Trend analysis Despite the usefulness of decadal averages on highlighting the nature of changes, they are often affected by cyclic pattern to sometimes fail to clearly provide the nature of changes. Linear trends were therefore used to statistically characterize the direction of change of average flows. Of interest to this study were the high flows in April and May and low flows in February and March. The indices investigated were i) average monthly discharges, ii) minimum monthly discharges in February and March, iii) monthly frequency of flows below the drought flow index (Q70, Valimba, 2007a) in February and March, iv) maximum monthly discharges in April and May and v) monthly frequency of flows above flood flow index (Q5) in April and May. Slopes of linear trends for each series of selected indices were determined using the nonparametric Man-Kendall procedure as used in Hirsch et al. (1993) and Valimba (2005). The procedure reduces the effects of outliers and was considered appropriate for the study.
RESULTSFlow Seasonality Average flows indicate spatially variable patterns of seasonal flow variations with the predominance of bimodal flow regime with distinct peaks in November and May (Fig
2) following the short and long rains respectively. The early rains in mid to late October contribute to flow increase to first peaking in November/December and recession follows the end of the short rains in northeast Tanzania. Progressive reduction of flows is observed to intermediate low flows in February (Fig 2) and subsequent flow increase is observed following the onset of the main rainy season, the long rains in March.
Fig 2: Flow seasonality in northeast Tanzania rivers indicated by average daily flows.
High rainfalls during the long rains in northern catchments (upstream of NyM reservoir – 1DD1, 1DC2A) contribute to highest flows in April and May (Fig 2) while high rainfalls during the short rains in catchments on northern part of Usambaras and Pare result in the highest flows in December in Umba catchment (1B4A). Rivers such as the Sigi, which drain the northern and eastern parts of the Usambara receives high rainfalls during both the short and long rains and consequently have well defined bimodal flow regime with almost comparable peaks in the two seasons (1C1, Fig 2).
The second flow recession occurs since late May after the end of the long rains throughout the dry season (late May-mid October) to low flows in late September to mid October. Whilst rivers with the highest peak during the long rains and/or short rains (1DD1, 1C1) experience the lowest flows in February, those with the peak during the short rains (1B4A) experience lowest flows in October (Fig 2).
Changing Flow Regime High and medium flows Results indicated increasing high flow peak in April/May, irregular changes of medium flow peak in November/December and there is relatively no indication of shifting peaks (Fig 3). Throughout the upper and coastal catchments in the three basins, flow peaks occurring in May have consistently increased from lower peaks in the 1950s to the highest peak in the 1980s (Fig 3) and correspond to percentage increase in the range 4-33% (Table 2). Similarly, average April flows have increased 4-143% of their 1950s averages. Unlike the consistent May flow increase, the highest April flow increased was experienced in the 1960s and, despite being higher than the 1950s, April flows have consistently decreased in the subsequent decades (Table 2).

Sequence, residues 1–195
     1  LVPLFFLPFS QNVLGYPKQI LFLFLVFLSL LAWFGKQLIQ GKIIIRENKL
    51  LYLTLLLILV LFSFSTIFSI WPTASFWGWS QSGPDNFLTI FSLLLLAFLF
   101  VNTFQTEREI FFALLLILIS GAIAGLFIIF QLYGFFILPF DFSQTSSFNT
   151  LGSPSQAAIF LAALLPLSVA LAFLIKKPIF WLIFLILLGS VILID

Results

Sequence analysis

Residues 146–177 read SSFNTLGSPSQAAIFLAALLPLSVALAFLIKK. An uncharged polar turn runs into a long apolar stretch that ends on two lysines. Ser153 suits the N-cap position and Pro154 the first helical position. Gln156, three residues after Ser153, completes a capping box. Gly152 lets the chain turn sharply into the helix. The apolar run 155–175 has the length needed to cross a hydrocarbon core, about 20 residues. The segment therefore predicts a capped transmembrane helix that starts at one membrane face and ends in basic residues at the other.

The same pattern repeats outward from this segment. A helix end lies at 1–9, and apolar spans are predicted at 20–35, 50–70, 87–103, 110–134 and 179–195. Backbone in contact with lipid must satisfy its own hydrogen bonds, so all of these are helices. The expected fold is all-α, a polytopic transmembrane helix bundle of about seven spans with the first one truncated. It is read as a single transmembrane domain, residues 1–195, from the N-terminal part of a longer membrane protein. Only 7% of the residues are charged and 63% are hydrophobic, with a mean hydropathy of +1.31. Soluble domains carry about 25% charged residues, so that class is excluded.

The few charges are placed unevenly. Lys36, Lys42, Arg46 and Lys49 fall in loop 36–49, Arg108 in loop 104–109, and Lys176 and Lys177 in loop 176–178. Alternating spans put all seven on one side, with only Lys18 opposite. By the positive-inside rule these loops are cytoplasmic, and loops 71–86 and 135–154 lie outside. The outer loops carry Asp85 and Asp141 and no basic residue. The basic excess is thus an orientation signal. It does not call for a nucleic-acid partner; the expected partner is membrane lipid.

Despite the lack of consistency in medium November/December flow changes in May-peaked catchments, there is a slight indication of increasing December peak in the catchment draining the eastern Mt Kilimanjaro (1DC2A) (Fig 3). However, the consistent increase of December peak is evident in the catchment of 1B4A with peak flows in December (Fig 3).
The consistent increase of average May flows in consecutive decades and decreasing average April flows were contributed by a combination of persistent high flows and high peak flows in May (Fig 4). Wide flow peaks at 1DC2A and 1C1, for example, experienced since the 1970s replacing narrow flow peak in the 1950s and 1960s are illustrative of the contributing causes. A linear trend analysis of May flow maxima indicated both decreasing and increasing flow maxima (Fig 5). The persistent high May flows (Fig 4) could be the sole contributor to increasing average May flows in the upper catchments of Pangani basin (1DD1, 1DC2A) since May flow maxima have either decreased between 1950s and 2000s (1DD1) or not changed (1DC2A) (Fig 5).
In contrast, by both persistent high December flows (Fig 4) and increasing December flow maxima (Fig 5) could be attributing to increasing average December flows in the coastal catchments (1B4A).